Wednesday, 16 September 2020
#CBR12 Book 58: "Bellweather Rhapsody" by Kate Racculia
Rating: 4.5 stars
#CBR12 Bingo: No Money (in fact, won in the prize raffle for the first annual CBR Bingo)
Official book description:
Fifteen years ago, a murder-suicide in room 712 rocked the grand old Bellweather Hotel and the young bridesmaid who witnessed it, Minnie Graves. Now hundreds of high school musicians have gathered at the Bellweather for the annual Statewide festival; Minnie has returned to face her demons; and a blizzard is threatening to trap them all inside. When a young prodigy disappears from infamous room 712, the search for her entwines an eccentric cast of conductors and caretakers, teenagers on the verge and adults haunted by memories.
As I mentioned above, I won a signed (!) copy of this a few years ago in the first Cannonball Bingo raffle. It's also been favourably reviewed by a bunch of people I trust, and so it felt appropriate to read it for this year's bingo.
Because I never seem to learn, I'm back to reviewing things I read about two months ago, and despite promising myself that I will be good and take notes while reading and especially after finishing a book, I never do. It's not like I'm lacking in pens or notebooks (I have SO many!), I just can't seem to find the time or energy to actually sit down and jot down my thoughts upon completing a book. So this review will be a bit of a jumble of things I remember liking in the book.
As I'm sure you can guess from the book description, this is a mystery novel featuring a large and eclectic cast of characters in an old, rather spooky hotel. There are strong personalities both among the teenage and adult cast, there are mysterious disappearances, there are unreliable narrators, strange coincidences, and unexpected connections between individuals who initially seem to have nothing whatsoever to do with one another.
We meet the wonderfully named Hatmaker twins, Alice and Rabbit, who are both going to the now pretty delapidated Bellweather hotel (think the hotel from the Shining) for a weekend retreat for talented young musicians. Alice is ambitious, outgoing and despite wanting to be a star actress, struggles with empathising with anyone else. Her twin Rabbit is introverted, reserved, nerdy and devoted to his instrument. He also very much wants to come out to his sister at some point during the weekend, but has no idea how to begin approaching the subject.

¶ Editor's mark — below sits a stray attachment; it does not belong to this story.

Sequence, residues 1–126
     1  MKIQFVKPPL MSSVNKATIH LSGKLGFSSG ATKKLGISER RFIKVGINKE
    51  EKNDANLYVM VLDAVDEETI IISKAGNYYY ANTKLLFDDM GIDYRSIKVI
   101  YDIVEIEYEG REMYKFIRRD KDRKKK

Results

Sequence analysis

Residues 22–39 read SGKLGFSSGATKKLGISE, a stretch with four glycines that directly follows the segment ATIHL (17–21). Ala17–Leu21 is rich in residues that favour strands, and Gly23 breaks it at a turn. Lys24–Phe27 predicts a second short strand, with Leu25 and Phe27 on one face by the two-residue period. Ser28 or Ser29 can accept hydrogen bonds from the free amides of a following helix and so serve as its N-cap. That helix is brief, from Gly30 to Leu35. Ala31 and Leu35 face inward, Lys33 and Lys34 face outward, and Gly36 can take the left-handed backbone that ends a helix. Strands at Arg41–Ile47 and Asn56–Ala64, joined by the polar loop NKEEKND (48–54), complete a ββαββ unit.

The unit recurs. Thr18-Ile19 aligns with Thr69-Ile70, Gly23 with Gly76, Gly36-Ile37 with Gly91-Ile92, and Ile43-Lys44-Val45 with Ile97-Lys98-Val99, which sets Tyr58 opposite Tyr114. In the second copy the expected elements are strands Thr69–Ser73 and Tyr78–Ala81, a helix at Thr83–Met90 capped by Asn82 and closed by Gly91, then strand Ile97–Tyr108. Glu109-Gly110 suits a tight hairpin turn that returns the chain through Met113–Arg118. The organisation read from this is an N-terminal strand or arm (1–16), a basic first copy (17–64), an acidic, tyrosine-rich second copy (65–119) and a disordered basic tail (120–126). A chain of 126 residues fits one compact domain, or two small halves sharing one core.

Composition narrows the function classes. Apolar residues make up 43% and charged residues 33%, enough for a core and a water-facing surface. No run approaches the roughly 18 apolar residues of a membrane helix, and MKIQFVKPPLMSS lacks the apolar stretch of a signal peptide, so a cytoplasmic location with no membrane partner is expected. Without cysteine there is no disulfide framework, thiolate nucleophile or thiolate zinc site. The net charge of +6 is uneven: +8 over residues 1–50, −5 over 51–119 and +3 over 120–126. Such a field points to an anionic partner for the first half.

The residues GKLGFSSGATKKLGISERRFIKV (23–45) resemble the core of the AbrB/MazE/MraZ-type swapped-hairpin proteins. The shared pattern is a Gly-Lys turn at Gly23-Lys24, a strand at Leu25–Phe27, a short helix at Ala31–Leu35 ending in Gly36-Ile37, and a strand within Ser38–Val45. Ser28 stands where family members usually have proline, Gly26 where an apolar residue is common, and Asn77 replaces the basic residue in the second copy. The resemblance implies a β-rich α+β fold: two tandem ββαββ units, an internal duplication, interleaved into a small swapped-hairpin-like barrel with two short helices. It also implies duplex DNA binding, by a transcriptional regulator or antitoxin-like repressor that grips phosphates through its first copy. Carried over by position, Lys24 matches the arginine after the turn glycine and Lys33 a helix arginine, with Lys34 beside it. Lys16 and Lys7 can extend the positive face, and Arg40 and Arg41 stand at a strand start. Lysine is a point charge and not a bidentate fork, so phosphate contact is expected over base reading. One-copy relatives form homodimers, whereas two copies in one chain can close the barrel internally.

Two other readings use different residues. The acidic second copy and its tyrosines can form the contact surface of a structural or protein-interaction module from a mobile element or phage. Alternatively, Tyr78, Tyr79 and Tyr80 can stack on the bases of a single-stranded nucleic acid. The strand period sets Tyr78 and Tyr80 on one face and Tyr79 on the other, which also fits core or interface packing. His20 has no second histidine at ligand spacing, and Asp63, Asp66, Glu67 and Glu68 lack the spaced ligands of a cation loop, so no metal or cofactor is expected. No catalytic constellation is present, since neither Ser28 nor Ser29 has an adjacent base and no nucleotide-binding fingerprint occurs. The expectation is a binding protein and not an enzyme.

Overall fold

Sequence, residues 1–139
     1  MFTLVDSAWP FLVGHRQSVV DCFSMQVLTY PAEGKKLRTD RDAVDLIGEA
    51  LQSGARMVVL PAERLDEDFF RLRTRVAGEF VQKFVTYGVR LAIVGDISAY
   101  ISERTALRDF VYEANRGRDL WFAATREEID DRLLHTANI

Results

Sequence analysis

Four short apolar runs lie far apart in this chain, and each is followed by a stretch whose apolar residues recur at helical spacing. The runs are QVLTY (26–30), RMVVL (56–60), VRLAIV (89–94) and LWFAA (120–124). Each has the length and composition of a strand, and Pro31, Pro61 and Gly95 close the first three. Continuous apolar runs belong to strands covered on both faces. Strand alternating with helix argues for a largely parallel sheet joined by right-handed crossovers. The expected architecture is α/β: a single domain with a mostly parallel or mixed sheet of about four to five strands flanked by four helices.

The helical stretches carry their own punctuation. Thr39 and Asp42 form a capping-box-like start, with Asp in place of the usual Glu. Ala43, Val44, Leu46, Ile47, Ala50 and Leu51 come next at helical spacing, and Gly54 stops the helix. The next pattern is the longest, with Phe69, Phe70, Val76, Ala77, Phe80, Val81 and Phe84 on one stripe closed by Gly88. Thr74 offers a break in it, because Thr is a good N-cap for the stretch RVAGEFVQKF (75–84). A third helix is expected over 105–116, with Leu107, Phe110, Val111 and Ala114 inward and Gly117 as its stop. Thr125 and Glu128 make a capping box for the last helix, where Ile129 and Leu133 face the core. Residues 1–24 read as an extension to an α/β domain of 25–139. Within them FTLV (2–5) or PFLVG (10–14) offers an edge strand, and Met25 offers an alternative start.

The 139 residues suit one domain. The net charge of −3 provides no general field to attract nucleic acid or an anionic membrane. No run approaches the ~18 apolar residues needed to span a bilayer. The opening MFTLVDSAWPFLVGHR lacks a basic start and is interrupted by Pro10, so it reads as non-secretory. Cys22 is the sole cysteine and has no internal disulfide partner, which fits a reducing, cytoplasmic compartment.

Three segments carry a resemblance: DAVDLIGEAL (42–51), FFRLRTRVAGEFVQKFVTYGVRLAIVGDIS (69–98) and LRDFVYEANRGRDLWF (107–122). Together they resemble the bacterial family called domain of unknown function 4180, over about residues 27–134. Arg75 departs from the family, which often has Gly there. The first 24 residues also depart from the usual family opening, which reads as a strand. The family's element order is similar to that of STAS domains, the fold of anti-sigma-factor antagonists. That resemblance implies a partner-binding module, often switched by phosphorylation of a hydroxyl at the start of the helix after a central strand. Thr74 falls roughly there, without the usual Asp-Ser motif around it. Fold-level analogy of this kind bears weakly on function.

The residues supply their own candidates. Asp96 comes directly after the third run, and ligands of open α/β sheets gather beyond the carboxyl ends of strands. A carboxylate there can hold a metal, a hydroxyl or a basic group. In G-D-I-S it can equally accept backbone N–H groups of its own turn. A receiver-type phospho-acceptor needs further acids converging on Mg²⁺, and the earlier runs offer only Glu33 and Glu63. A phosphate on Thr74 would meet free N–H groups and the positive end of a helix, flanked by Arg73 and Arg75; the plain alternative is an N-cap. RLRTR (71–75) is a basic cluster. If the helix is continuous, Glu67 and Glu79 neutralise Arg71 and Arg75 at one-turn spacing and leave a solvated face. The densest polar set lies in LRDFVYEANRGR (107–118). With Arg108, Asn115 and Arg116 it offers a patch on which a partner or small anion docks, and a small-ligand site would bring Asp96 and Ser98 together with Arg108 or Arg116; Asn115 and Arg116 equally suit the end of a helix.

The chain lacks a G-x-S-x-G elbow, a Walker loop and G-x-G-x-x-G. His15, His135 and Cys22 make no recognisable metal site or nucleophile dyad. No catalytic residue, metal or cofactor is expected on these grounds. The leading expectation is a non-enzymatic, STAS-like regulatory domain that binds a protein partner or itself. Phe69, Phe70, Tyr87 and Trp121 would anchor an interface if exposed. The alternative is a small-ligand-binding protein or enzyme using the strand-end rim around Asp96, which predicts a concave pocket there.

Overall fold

There's also the Hatmaker's chaperone, a woman with a lot of buried trauma and violence in her past. There's Alice's roommate, a child prodegy with a very contentious relationship to her icy and controlling mother, the eccentric conductor of the student orchestra (a former prodigy himself), the aging concierge at the hotel who wants everything to run smoothly and fondly remembers the hotel's glory days, as well as the mystery guest with her emotional support dog who shows up right as things start getting really dramatic.
All the characters felt wonderfully real and complex. Some of them are deeply dislikable, but they all seem like actual people, and just seeing the various ways in which they interacted would have kept me turning the pages, even if there wasn't a mystery to be solved. There are a lot of twists and turns. I think I'd figured out a couple before they were actually revealed, but mostly, I was frequently surprised and entertained by this story. I can see why so many people have rated it highly.
Judging a book by its cover: The cover of this unusual mystery might not make a lot of sense until you've actually finished the novel. The big hotel in the background, all the snow, and the lonely grand piano, with the knocked over piano stool. The choices the cover designer has made make more sense after you've finished the story.
Crossposted on Cannonball Read.